A Big ‘Ol “Namaste” to Clothes Lines Out My Window, Cows in the Roads, and Dodging Roaring Stick Shifts Like I’m Jackie Chan or Something

I made it.  I took an agonizing 14-hour flight to Abu Dhabi (a city that often slips under the radar, but it in fact gorgeous and full of things to do) and then hopped on over to Kathmandu.  I told myself, “Yeah Leah, the middle east will be a nice layover to adjust to the third world nation that is to come.”  What did I do while in the UAE you ask?  Well, my roommate/travel buddy and I went to an outdoor bar right on the water of the Persian Gulf and had some drinks and strawberry hooka then got some rest and free wifi in our 5-star Arabian hotel followed by a luxurious international breakfast buffet the next morning.

Nothing can prepare you for Kathmandu.  I worried so very much that i wasn’t researching and reading enough.  To a certain point, it wouldn’t have helped me very much.  Before I left, I was agonized and taunted by the plethora or worried responses I had received from family and friends.  Very few said “Sounds cool, Leah,” or even, “Good luck,” but rather “Oh boy, you better be careful.”  I became angry.  I was trying to make sure I was seeing only the positive that was to come so why couldn’t everyone else just do the same?  Why couldn’t everyone else just show support rather than fear?  I have noticed more and more in only a day’s time that there is little to fear about this place other than the relentless barking and caw-cawing of crows and roosters that impedes on one’s ability to have a restful night’s sleep.  What seems fearful: the raging traffic, honking, lack of street signs and traffic lights, the mangled dogs in the road, the babies playing in constructions sites…this is not to be feared.  This is a mark of a culture that seems so foreign to me i am not sure I will ever full wrap my head around it.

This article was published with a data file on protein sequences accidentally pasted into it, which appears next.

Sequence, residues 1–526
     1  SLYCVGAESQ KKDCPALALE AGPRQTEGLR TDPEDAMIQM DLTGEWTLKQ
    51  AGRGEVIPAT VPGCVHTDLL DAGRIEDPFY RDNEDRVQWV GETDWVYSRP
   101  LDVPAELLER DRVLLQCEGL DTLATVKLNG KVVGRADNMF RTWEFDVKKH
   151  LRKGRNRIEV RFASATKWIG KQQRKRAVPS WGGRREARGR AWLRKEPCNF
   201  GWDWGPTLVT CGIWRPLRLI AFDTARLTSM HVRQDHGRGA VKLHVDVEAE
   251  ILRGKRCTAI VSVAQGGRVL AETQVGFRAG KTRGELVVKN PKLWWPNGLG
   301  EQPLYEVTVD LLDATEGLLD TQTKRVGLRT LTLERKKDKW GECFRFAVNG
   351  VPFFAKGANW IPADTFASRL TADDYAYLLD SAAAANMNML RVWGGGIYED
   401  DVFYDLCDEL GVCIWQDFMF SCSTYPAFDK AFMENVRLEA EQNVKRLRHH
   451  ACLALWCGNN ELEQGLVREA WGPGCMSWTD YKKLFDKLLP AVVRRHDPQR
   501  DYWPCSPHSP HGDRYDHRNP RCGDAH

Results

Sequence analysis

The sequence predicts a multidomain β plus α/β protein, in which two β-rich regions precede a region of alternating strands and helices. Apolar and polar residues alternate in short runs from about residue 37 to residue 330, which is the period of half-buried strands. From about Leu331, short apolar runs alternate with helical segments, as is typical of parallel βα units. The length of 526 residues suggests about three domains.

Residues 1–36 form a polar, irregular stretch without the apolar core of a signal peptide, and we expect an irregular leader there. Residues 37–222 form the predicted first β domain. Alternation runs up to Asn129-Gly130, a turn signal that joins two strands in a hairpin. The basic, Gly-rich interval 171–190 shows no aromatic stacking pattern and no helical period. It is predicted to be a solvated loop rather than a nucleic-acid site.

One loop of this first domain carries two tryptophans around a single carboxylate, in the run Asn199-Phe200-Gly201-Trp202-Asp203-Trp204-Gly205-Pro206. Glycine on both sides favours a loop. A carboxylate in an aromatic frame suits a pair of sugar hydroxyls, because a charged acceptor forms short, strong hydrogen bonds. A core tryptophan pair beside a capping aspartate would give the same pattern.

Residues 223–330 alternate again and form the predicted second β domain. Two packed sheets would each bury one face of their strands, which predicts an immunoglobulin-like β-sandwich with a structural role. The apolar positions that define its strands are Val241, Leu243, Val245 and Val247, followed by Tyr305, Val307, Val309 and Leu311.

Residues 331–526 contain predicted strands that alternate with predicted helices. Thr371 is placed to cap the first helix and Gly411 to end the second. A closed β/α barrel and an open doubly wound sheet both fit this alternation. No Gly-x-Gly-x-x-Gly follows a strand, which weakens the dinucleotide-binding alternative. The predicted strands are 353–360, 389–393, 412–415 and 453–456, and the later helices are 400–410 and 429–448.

I may be going to Everest soon.  Our coordinator just told us.  How casual “Oh, you guys are going to Everest soon.”  Something tells me for as tough as this will be there will be amazing things to counter the difficult.  We are heading out to the Monkey Temple soon, which should be great.  We just had our fist Nepali language also.  It should be interest, attempting to learn such a new sounding language, especially for the purposes of communicating with the children I’ll be teaching.  Well, that’s about it for now since I will be summoned to the Monkey Temple soon.

Namaste,

Leah

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